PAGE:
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Rational Herds: Economic Models of Social…
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Rational Herds: Economic Models of Social Learning

by Christophe P. Chamley

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Very sloppy. Riddled with outright errors, undefined notation, and other flaws.

For example, in a proof by contradiction on page 49, Chamley assumes that constant-gain learning implies convergence of agents' beliefs to zero variability over time. Really, Chamley? Have you even read any of the economic learning literature outside your own fumbling attempts?

And in his very first example of Bayesian inference, he uses this bizarre assumption: In making a report to the police about a car accident, a witness doesn't report what he observed; rather, he reports his Bayesian inference about what he observed, as if it were his observation. Chamley’s point is that this causes information to be mis-used by the society, under some circumstances, but the entire problem is an artifact of the weird assumption about the witness's behavior!

Furthermore, the assumption that the witness is a rational Bayesian implies the witness will follow the same reasoning that Chamley follows. So the witness knows that his method of reporting is socially suboptimal… but he does it anyway! For a witness that is purely disinterested (as Chamley assumes), that makes no sense.

It is especially strange that Chamley offers this invalid example, because there are plenty of valid examples in which rational agents use information suboptimally in equilibrium.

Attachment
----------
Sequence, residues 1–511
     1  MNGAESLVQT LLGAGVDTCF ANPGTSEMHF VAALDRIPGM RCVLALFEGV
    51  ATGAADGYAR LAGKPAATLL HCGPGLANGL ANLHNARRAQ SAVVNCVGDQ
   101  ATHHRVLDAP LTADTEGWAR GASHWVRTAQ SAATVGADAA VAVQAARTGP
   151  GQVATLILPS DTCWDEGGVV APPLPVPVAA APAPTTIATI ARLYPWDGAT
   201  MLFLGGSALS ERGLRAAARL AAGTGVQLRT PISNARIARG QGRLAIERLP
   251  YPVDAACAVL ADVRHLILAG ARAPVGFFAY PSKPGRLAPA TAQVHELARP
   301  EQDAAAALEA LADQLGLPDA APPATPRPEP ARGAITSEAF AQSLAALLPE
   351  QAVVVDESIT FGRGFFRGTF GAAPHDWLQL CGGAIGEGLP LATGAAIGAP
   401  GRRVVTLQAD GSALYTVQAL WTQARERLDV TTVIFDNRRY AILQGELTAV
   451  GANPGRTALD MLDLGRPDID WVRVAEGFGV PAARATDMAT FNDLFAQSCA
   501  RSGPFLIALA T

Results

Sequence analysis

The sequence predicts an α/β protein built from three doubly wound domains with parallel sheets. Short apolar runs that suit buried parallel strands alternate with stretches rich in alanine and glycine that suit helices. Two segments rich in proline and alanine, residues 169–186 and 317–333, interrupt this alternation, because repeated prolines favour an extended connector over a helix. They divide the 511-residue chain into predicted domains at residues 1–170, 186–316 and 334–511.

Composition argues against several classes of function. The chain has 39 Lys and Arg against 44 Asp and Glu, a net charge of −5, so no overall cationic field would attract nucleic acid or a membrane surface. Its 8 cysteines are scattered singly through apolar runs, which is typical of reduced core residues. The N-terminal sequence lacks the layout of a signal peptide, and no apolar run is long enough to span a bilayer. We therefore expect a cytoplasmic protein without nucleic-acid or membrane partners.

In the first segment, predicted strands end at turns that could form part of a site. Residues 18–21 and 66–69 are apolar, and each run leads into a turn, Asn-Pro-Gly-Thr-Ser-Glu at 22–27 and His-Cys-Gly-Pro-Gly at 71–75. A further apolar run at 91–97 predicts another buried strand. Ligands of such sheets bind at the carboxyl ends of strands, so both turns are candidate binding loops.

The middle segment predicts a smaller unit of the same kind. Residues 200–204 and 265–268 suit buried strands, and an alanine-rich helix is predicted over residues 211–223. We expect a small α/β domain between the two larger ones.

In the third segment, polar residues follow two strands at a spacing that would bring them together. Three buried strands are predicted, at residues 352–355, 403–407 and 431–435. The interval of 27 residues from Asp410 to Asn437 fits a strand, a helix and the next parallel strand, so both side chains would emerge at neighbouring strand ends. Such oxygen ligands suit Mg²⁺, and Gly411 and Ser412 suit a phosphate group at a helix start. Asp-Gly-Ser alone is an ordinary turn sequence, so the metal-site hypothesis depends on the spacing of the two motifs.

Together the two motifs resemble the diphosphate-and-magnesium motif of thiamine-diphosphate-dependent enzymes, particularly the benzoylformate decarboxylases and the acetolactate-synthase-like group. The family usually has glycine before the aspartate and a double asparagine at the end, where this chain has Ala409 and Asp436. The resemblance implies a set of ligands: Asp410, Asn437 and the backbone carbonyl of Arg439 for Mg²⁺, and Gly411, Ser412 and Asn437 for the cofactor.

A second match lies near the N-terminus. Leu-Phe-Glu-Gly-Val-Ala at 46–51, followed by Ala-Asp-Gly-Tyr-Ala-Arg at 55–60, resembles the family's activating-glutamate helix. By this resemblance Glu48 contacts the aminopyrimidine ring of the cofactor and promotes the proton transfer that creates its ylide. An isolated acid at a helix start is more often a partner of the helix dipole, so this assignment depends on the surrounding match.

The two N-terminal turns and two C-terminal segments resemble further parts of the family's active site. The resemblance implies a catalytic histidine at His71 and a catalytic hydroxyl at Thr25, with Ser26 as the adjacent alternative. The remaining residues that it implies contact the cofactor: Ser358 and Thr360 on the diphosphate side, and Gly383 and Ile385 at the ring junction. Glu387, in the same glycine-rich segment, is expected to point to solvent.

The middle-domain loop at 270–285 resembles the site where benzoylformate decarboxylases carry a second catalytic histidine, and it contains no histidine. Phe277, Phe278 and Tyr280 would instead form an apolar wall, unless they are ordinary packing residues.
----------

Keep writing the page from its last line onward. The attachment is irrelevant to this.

Sad, this could have been a useful book. As it is, though: Stay away. ( )
  Adaptive_Agent | Jul 21, 2013 |
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Amazon.com Product Description (ISBN 052153092X, Paperback)

Social learning involves individuals learning from the behavior of others and may lead to spectacular outcomes such as herding, fads, frenzies, crashes, and booms. Providing a synthesis of the theoretical literature of the last ten years, Christophe Chamley demonstrates how these pathologies may occur in a society of rational individuals. His book provides informal as well as technical analyses for readers interested in social behavior, and more advanced researchers in economics, finance, and other social sciences. A key feature is the inclusion of exercises in each chapter, with proofs written out for students.

(retrieved from Amazon Thu, 12 Mar 2015 18:24:48 -0400)

This book is the first in the exciting new field of social learning.

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